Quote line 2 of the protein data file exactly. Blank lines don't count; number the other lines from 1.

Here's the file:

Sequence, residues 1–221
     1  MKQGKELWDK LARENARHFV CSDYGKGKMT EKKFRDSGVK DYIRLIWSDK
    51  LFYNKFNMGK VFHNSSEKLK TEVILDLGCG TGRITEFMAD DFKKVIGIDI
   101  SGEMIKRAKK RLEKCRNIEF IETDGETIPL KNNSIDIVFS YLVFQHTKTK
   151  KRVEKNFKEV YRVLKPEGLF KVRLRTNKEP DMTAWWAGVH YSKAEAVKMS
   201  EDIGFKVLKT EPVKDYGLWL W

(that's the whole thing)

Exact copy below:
     1  MKQGKELWDK LARENARHFV CSDYGKGKMT EKKFRDSGVK DYIRLIWSDK